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Guide to Peru: Travel Tips

Written by Thomas Power | 12th January 2014 |


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Pura Aventura's brief guide to the practicalities of travelling to and around Peru. We've included practical tips on money, health and vaccinations, safety, language, and airports to help you plan your holiday to Peru.

Practical Information

Peru is GMT -5 (i.e. the same zone as US Eastern Standard Time). That is to say that when it's midday in the UK, it is 7am in Peru.

220V, 60Hz, American Style two-pin plugs.

In the popular tourist spots, local people will often pose (old women, children, llamas!) for photographs for a couple of Soles. Ask permission first.

Telephones & Internet
The internet craze has hit Peru and you can find internet access everywhere. Most internet cafes also offer cheap international calls.

Phone cards (Telefonica) can also be bought and used for international calls. Note: 'Alt' '6' '4' on the number keypad will produce the'@' sign for emails.

Peruvian mobile networks operate at 1900Mhz which means that tri-band GSM phones work. The main carrier is TIM.

There is good coverage across Lima. In Cusco there is good coverage just in a narrow band around the town.
Elsewhere, there's little coverage.

Post Offices
Open from 09:00-17:00. Stamps also available in shops. Hotels will usually mail postcards for you or use the 'Ser Post' boxes.

Spanish is the official language but Quechua is common in the Andes. Some English is spoken, particularly in and around Cusco.

English is not widely spoken outside the tourist industry & normal tourist routes. 'Por favor' (please) and 'gracias' (thank you) will go a long way.

Unless you are quite proficient in Spanish you might at times feel a bit helpless and pestered by street sellers or beggars, a polite but firm 'no gracias' will help.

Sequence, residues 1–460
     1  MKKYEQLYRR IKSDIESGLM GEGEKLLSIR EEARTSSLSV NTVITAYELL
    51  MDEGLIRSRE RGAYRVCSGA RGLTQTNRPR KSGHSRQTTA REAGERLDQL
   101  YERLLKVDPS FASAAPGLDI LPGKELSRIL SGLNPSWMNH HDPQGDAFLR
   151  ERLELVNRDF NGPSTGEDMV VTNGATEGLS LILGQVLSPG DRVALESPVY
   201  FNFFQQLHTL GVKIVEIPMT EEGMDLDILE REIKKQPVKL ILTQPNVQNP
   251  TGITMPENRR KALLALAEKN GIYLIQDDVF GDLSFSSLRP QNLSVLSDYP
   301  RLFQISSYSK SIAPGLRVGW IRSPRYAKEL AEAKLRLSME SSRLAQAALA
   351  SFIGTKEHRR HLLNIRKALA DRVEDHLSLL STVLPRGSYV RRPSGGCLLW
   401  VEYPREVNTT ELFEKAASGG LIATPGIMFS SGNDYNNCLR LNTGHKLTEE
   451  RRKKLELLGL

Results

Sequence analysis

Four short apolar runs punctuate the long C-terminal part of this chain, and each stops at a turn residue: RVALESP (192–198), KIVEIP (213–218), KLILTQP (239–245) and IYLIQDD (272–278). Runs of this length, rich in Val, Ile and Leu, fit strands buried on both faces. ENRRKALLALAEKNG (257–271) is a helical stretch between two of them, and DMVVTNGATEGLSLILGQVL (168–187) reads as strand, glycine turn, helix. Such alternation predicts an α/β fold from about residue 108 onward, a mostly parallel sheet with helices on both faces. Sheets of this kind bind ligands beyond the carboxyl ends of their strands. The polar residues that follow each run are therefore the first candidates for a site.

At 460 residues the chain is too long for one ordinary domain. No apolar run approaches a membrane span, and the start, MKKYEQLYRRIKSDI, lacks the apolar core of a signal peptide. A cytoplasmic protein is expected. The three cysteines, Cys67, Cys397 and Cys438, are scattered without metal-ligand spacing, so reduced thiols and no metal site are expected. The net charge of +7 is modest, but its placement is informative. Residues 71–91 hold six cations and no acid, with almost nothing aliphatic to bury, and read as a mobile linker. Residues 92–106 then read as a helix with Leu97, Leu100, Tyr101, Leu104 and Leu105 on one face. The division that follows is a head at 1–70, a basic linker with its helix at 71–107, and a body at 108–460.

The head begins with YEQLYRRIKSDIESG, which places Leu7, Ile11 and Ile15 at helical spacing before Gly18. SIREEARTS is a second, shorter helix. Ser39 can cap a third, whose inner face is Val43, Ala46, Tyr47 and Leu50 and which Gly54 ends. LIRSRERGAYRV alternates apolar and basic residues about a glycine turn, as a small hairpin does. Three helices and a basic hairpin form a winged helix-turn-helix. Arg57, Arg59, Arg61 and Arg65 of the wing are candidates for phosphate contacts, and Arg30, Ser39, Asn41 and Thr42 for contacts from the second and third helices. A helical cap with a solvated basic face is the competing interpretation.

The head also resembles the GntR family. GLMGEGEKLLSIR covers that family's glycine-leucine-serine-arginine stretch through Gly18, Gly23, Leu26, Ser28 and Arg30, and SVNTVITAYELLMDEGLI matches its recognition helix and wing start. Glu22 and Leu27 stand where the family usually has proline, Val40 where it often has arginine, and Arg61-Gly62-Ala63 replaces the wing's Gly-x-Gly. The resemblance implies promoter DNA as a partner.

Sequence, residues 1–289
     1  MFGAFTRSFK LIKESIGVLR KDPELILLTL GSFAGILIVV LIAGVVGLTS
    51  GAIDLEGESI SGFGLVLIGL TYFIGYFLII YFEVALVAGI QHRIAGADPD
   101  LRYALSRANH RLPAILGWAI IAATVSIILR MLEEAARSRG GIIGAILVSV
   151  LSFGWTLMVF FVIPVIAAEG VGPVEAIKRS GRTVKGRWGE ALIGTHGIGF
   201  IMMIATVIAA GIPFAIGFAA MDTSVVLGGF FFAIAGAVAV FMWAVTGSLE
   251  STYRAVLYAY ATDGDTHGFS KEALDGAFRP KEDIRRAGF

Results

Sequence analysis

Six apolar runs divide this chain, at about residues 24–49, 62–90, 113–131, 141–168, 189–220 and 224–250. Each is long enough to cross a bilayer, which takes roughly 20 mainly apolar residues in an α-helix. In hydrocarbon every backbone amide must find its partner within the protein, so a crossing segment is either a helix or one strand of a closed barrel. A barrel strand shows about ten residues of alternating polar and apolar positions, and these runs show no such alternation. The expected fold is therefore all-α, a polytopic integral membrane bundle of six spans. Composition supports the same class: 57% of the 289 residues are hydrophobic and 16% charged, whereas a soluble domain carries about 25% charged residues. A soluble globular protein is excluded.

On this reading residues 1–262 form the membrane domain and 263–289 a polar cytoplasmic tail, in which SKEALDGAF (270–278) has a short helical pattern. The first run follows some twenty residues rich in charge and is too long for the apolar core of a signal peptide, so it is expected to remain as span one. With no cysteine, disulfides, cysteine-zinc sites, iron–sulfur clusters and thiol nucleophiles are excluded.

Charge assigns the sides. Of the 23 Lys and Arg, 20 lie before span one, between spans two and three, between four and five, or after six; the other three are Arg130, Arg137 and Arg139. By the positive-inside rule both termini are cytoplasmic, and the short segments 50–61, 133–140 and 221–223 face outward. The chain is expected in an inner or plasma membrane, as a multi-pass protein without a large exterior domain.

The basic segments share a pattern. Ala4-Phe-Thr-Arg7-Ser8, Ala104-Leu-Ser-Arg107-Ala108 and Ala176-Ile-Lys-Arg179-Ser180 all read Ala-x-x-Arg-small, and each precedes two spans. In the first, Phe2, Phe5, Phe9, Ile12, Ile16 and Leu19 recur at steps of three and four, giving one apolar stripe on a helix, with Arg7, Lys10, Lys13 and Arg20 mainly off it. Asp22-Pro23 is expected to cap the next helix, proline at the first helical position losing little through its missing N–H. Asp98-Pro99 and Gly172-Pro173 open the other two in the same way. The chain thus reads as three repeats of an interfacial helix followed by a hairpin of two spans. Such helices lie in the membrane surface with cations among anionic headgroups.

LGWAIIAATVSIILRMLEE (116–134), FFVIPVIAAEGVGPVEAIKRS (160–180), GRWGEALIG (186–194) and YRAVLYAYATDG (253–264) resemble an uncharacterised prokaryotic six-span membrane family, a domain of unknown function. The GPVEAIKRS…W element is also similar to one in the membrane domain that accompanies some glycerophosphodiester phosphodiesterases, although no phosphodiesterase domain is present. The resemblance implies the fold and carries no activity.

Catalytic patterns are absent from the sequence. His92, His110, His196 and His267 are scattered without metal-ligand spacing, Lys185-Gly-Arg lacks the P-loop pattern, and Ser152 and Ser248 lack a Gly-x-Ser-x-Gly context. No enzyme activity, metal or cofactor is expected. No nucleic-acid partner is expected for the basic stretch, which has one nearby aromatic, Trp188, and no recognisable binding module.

Peruvians are generally friendly and helpful and often people, especially children, are just keen to practice their English and find out where you are from, aside from selling you a postcard or two!

Tipping and taxes
Service is sometimes included in the bill in restaurants, otherwise add 10%. A normal tip for a cloakroom attendant is US$1. Baggage porters will expect in the region of 1 sole per bag. Taxis do not expect tips.

The domestic flight departure tax is US$6.05, international US$30.25.

Sales tax is included in the price of goods.

What to wear
Please refer to individual destination notes for advice relating to your specific holiday.

However, you will find that Peru is generally fairly high altitude so days can be warm with fierce sun and nights cold and clear.

In towns and cities you will find that Peruvians tend to dress relatively smartly.

For time spent in Lima, Cusco, Arequipa and Puno you are going to fit in better if you wear the same sort of smarter casual clothes that you would expect to wear to dinner in a restaurant in the UK.


The Andes

This applies to Cusco, Inca Trail and Machu Picchu. The driest months are May to September, although even in these months it can rain. It can get hot during the day in the strong sunlight with temperatures of 20°c -25°c.

Conversely the altitude means very cold nights, sometimes below zero. November to April is the wet season with temperatures being on average 18°c.


Summertime is from December to April when the temperature is from 25°-35°c on the coast. The rest of the year the temperature drops and it is usually overcast and misty - not usually very lovely weather.

The Amazon

November to April is the wetter season with frequent heavy rain, humid with temperatures of around 25°-30°c.
From May to October it is a little dryer with clearer skies and less humidity but it gets very hot.

Lake Titicaca

The weather in Puno and Lake Titicaca is mostly dry and quite cold year-round as it is inland and at high altitude (around 3,800m).

The average temperature is around 8ºc, with a maximum of 15ºc and a minimum of 1ºc in winter.

Arequipa and Colca

Arequipa has a famously pleasant and stable climate.
From January to March you have a mild rainy season but other than that clear sunny days are the norm with temperatures ranging from 10°c to 25°c.

Colca has more in common with climate in the Andes.
The dry season runs from April to November during which time temperatures usually fall to below zero at night and reach 15°c - 20°c during the daytime.

The rainy season runs from December to March and temperatures are more moderate, varying between 5°c and 15°c.


In Peru the Peruvian New Sol is the current currency, though many prices are also quoted in US dollars.

The New Sol (s/) is divided into 100 centimos. Current exchange rates: US$1 ~ 3.5 Soles. Euros can also be exchanged.

Bring US$ and credit cards. ATM machines are plentiful (in the airports, main plazas etc) and you can choose to withdraw US$ or Soles (1USD ~ 3.5 soles approx).

In main tourist centers such as Cusco, US$ and Soles are largely interchangeable.

Travellers cheques are largely obsolete but can still be changed at banks.

Soles are particularly useful for smaller purchases, markets and in more remote towns. In the Sacred Valley it is difficult to withdraw or change money.